Major League Baseball just announced its umps and, to my surprise, fear and — on some strange level amusement — Cowboy Joe West and his notorious crew get to work the Milwaukee-Arizona series.
The whole crew: West, Ron Kulpa, Alfonso Marquez, Bruce Dreckman, and additions Jeff Kellogg and James Hoye for outfield duty. It’s a way better crew now that Angel Hernandez is off it but, you know, West is still there. And Hernandez still gets to ump in the Cardinals-Phillies series. Oh heck, let’s just look at the rest of them:
- Detroit vs. New York: Gerry Davis, Tony Randazzo, Eric Cooper, Dan Iassogna, Ted Barrett and Bill Welke;
- St. Louis vs. Philadelphia: Jerry Layne, Chris Guccione, Jerry Meals, Angel Hernandez — woot! — Gary Cederstrom and Chad Fairchild. And remember, Meals is the guy who handed the Braves that win in the 19-inning game in Pittsburgh, so that’s a strong crew there, partner.
- Tampa Bay vs. Texas: Dale Scott, Mark Carlson, Kerwin Danley, Greg Gibson, Brian Gorman and Marvin Hudson.
Just remember: being an umpire means never having to say you’re sorry. Unless you’re Jim Joyce, who did say he was sorry. And everyone likes him too. And he doesn’t get to ump in the Division Series, so there’s a lesson in that for you.
The Yankees signed first-round draft pick Clarke Schmidt and second-round pick Matt Sauer on Saturday, per a team announcement. Schmidt, a right-hander from the University of South Carolina, is set to earn a signing bonus of $2,184,300. According to MLB.com’s Oliver Macklin, that’s much lower than the typical $3+ million allocated for a No. 16 overall pick. The opposite is true for Sauer, whose projected $2.5 million signing bonus tops the suggested $1.2 million reserved for a No. 54 pick.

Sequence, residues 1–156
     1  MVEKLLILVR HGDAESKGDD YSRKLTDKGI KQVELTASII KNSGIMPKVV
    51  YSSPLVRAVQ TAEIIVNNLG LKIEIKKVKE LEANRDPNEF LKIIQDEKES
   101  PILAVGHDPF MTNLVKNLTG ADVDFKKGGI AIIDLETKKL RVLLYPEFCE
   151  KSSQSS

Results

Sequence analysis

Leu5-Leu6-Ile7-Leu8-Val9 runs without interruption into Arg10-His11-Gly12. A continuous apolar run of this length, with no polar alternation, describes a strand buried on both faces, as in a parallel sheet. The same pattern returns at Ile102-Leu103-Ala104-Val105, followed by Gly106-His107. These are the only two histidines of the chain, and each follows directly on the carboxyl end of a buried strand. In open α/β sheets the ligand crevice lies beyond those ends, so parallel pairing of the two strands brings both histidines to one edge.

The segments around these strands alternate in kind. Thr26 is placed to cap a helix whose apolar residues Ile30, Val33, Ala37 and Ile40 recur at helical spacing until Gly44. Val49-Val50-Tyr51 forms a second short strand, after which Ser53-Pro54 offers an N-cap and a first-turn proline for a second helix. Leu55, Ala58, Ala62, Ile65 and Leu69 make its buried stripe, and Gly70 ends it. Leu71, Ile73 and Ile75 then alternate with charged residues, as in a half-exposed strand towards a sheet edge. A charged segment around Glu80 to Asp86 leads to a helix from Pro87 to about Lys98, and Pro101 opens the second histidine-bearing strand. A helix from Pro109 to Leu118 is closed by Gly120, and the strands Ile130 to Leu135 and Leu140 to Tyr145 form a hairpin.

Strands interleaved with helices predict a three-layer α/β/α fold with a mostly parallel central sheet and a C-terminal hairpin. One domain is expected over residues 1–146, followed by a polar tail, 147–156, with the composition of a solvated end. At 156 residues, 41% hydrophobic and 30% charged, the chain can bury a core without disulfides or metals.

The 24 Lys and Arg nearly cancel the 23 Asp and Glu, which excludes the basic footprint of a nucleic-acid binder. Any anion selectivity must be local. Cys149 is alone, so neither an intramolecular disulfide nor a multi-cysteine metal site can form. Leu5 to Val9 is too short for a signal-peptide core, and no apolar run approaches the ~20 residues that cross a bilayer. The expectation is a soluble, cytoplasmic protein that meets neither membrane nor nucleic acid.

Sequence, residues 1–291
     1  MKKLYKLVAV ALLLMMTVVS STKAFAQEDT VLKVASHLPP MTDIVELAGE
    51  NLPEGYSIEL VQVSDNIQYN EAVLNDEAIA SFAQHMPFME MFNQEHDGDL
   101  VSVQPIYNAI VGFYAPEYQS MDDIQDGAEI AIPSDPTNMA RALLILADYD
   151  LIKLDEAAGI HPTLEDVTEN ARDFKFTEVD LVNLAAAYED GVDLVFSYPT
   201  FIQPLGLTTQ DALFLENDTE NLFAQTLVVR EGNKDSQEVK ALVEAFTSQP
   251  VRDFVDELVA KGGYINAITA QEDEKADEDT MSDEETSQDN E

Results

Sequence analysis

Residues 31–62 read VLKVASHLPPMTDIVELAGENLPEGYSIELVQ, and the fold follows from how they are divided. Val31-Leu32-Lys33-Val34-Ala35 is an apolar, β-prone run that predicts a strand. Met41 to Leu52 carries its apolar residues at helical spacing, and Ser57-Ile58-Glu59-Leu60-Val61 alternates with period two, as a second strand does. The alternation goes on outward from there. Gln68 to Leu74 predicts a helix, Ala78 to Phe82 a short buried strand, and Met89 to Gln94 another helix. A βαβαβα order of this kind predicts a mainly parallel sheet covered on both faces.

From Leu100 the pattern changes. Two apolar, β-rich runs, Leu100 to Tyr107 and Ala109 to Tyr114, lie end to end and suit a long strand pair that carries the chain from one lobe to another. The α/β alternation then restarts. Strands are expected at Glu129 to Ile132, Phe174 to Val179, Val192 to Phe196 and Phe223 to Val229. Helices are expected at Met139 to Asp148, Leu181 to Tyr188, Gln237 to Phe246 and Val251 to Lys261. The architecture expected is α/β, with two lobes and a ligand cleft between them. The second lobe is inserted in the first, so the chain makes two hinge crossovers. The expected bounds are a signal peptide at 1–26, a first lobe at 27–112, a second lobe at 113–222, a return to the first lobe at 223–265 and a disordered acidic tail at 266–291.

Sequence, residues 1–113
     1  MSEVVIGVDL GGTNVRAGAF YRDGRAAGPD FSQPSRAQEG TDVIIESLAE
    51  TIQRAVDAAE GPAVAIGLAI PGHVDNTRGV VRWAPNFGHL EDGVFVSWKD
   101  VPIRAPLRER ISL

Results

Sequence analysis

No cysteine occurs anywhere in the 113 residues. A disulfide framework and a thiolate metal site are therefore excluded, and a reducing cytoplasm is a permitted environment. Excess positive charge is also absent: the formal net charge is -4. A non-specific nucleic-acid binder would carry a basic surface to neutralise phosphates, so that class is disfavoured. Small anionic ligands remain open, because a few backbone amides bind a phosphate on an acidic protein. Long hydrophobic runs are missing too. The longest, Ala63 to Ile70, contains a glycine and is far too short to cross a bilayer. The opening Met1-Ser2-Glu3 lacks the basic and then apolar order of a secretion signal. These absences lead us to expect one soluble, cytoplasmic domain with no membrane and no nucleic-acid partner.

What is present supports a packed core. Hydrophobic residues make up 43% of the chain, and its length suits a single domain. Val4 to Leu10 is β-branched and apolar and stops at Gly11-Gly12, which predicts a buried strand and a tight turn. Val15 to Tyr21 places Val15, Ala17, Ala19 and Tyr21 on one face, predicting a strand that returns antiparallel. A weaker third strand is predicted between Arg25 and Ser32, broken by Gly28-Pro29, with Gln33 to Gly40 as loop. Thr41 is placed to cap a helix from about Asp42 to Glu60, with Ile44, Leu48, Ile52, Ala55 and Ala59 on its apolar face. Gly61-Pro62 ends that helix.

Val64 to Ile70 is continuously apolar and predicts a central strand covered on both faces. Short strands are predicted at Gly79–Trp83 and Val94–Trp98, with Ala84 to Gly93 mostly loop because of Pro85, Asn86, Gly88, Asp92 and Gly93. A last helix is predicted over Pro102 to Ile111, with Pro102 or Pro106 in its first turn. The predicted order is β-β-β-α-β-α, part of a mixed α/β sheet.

Schmidt, 21, boasts an impressive four-pitch repertoire and profiles as a front-end or mid-rotation starter, according to reports from Yankees’ VP of Domestic Amateur Scouting Damon Oppenheimer and ESPN’s Keith Law, among others. He carried a 4-2 record through nine starts in 2017 and turned in a 1.34 ERA before undergoing season-ending Tommy John surgery last month to repair a torn UCL in his right elbow. While the Yankees won’t see him pitch at any level until late 2018, they seem confident in his makeup and ability to rebound over the next couple of years.
Fellow right-hander and Righetti High School senior Matt Sauer is a different story altogether. The 18-year-old hurler appears destined for the bullpen with a polished fastball-slider combo and a promising curveball and changeup. He dazzled on the mound this year, going 9-1 with an 0.98 ERA and two shutouts over 78 1/3 innings. While the Yankees seem most interested in his pitching skills, Sauer showed some pop at the plate as well, touting a .427 average with 24 RBI through 135 plate appearances.
The Athletics followed Friday’s 3-0 shutout with a rookie-led home run derby on Saturday afternoon, watching not one, not two, but three rookies belt their first major league home runs off of the White Sox’ James Shields.
Right fielder Matt Olson was the first to strike, taking Shields deep on a first-pitch, two-run blast in the first inning for his first home run in 49 major league plate appearances:
Fellow outfielder Jaycob Brugman duplicated his teammate’s results in the second inning with a solo home run, his first extra-base hit of any kind since he made his debut on June 9:
In the third, with a comfortable 4-0 lead backing two scoreless frames from Oakland right-hander Daniel Gossett, Franklin Barreto took his shot at Shields. After getting the call several hours prior to Saturday’s game, he became the fastest of the three rookies to record his first big league homer, going yard on a 2-2 changeup and driving in Bruce Maxwell to give the A’s a six-run advantage.
The Athletics currently lead the White Sox 8-2 in the top of the sixth inning.